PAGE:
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Walsall Man Died In ‘Agony’ After Doctors Failed To Diagnose His Condition

Specialist Medical Negligence Lawyers Secure Answers For The Family


The heartbroken parents of a man who died ‘in agony’, less than five weeks after seeking medical care, have spoken out after expert medical negligence lawyers secure admission from the NHS Trust responsible for failings with his care.

Andrew Raybould was just 30-years-old when he died in February 2012 of severe pancreatitis, sepsis and multi-organ failure at Walsall Manor Hospital.

His parents, Geoff and Maureen, instructed medical negligence experts at Irwin Mitchell to investigate whether more could have been done by staff, within Walsall Healthcare NHS Foundation Trust, to diagnose his conditions sooner and provide treatment to save his life.

Irwin Mitchell has secured an undisclosed out-of-court settlement for the family after the NHS Trust admitted failing to carry out a serum amylase test (which could determine Andrew’s condition). It was also agreed that he should not have been discharged from hospital without a diagnosis and that Andrew should have been admitted to hospital for further observations and investigations.

Andrew first began suffering symptoms of abdominal pain, nausea, vomiting and constipation at the end of December 2011 and on 3rd January 2012 his GP referred him to Walsall Manor Hospital for investigations as to the cause of his symptoms, but after examining Andrew, the hospital sent him home telling him to visit his GP the next day.

However, over the course of a month, Andrew was discharged from the hospital three times – each time with no diagnosis.

By the end of January, the bus driver had lost two stone in weight and was in constant severe pain. After being admitted to Walsall Manor Hospital again, he was eventually diagnosed with acute pancreatitis, acute renal failure and sepsis.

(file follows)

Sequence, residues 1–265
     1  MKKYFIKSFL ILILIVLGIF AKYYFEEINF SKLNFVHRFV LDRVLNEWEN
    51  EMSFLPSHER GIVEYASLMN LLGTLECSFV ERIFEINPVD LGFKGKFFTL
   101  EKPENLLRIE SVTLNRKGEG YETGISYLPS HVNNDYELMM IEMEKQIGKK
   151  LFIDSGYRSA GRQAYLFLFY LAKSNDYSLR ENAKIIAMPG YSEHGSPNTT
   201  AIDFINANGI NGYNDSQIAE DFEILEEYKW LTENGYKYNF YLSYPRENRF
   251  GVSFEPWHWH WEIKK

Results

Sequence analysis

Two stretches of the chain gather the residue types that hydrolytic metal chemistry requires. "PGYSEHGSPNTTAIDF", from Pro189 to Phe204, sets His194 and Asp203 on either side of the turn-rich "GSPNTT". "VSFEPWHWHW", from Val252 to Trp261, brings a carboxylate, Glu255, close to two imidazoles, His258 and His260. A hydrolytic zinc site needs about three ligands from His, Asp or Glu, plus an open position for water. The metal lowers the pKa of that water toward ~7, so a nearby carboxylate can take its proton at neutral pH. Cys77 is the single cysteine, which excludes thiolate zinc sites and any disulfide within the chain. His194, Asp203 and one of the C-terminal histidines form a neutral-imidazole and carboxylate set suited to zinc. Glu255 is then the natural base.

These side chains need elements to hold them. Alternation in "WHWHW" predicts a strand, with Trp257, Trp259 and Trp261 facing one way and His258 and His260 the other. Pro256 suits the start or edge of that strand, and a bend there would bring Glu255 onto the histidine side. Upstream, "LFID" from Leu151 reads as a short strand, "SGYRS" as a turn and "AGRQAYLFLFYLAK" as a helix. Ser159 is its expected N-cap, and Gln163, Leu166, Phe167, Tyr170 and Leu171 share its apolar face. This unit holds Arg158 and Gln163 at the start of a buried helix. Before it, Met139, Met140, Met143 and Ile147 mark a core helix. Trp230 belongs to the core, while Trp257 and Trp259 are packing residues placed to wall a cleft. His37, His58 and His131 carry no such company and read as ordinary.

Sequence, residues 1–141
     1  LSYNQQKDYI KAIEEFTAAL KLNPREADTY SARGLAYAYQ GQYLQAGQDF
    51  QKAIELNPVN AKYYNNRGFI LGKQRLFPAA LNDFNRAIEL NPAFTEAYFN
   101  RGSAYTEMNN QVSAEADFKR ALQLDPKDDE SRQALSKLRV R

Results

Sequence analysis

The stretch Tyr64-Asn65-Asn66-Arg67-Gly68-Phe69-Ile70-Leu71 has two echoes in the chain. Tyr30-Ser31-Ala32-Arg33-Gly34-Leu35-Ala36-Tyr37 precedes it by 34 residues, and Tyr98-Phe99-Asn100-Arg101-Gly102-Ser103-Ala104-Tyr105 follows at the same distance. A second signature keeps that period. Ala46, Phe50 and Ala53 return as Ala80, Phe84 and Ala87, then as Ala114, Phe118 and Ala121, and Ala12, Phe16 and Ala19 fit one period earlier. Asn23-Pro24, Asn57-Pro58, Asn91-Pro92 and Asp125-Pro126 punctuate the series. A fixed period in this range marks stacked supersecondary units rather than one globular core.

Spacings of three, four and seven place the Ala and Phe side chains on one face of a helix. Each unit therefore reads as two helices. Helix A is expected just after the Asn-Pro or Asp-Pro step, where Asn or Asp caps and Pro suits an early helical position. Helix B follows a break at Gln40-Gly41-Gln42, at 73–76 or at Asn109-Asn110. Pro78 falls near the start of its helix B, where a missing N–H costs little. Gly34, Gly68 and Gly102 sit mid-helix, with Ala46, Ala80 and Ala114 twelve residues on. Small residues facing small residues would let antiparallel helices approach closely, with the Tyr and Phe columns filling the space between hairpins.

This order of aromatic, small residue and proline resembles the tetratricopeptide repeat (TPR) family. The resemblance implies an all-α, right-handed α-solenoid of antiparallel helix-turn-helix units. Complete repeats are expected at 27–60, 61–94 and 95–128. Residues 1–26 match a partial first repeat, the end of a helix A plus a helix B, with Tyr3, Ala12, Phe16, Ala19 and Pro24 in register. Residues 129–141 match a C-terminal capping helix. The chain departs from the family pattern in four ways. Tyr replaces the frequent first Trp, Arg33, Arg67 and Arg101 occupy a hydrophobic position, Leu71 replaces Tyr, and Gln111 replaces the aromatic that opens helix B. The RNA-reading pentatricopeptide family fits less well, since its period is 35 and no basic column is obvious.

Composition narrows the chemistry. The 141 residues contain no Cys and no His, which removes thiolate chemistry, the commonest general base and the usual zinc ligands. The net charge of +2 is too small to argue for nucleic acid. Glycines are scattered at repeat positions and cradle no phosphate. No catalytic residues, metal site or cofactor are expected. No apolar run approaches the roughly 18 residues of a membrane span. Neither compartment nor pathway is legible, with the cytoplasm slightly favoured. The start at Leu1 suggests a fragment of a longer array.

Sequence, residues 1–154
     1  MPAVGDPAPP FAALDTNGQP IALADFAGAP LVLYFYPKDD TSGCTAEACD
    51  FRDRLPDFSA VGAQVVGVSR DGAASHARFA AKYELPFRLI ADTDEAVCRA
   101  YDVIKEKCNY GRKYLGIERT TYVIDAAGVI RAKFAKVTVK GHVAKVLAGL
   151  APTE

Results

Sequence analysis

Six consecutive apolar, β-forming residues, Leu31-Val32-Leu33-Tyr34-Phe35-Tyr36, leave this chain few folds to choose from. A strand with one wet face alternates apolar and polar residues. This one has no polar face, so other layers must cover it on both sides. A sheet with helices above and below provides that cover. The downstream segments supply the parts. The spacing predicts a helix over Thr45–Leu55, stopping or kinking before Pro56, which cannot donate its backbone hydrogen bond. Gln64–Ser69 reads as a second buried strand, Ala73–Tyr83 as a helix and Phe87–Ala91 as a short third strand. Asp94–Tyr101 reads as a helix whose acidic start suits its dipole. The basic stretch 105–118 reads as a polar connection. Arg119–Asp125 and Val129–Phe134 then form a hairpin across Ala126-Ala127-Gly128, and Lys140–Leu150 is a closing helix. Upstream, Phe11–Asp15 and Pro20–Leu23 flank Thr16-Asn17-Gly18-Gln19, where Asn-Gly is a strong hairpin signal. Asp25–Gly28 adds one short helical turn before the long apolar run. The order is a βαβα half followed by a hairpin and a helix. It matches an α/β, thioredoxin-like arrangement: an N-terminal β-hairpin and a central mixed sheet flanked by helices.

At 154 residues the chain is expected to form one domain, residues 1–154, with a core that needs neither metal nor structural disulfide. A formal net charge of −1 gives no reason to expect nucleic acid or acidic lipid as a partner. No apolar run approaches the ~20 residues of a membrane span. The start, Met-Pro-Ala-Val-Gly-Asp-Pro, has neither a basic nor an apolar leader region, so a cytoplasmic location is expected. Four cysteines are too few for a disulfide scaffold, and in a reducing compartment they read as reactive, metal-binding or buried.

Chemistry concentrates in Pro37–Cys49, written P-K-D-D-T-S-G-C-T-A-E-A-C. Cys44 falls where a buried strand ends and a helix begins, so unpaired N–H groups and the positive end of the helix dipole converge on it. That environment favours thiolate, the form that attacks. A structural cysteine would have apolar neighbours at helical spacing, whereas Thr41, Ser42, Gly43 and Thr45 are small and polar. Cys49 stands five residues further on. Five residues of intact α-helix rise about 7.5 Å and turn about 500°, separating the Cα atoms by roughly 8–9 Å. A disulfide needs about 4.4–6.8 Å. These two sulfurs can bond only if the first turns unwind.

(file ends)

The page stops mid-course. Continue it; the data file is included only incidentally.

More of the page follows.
Andrew was admitted to the intensive care unit 29 January 2012 but he was too ill to undergo surgery and his major organs began shutting down. He died on 2nd February.

In January this year, Health Secretary Jeremy Hunt announced that extra measures will be taken by the NHS, Government and national health bodies to treat sepsis efficiently and effectively. GP surgeries and local health services will be audited and given access to specialist electronic equipment to help them improve practice in line with National Institute Clinical Excellence (NICE).

Andrew’s mother Maureen, 59, from Aldridge, said: “Although it has taken more than three years, we are relieved that Walsall Manor Hospital has now eventually accepted liability for Andrew’s death and also admitted that if they had treated Andrew differently, he would have lived a normal life.

“This has been a devastating and traumatic time for us, but not as devastating as it was for Andrew, who was 21 weeks away from getting married and had a bright future ahead of him.

“Andrew was one of the 37,000 who needlessly die from septicaemia every year in this country. More needs to be done to stop these deaths. For us, it took two separate letters of complaint, intervention from our local MP, Sir Richard Shepherd, and legal action via Irwin Mitchell before the Manor Hospital even took our complaint seriously enough to get in touch with us.

“We are grateful for the help from our legal team at Irwin Mitchell. With their help, we have finally found out the truth about Andrew’s treatment at Walsall Manor Hospital, though we are still to receive an official apology.”

If you or a loved one has suffered due to a delayed or misdiagnosed medical condition, our medical negligence solicitors could help you claim compensation. See our Medical Misdiagnosis Claims page for more information.

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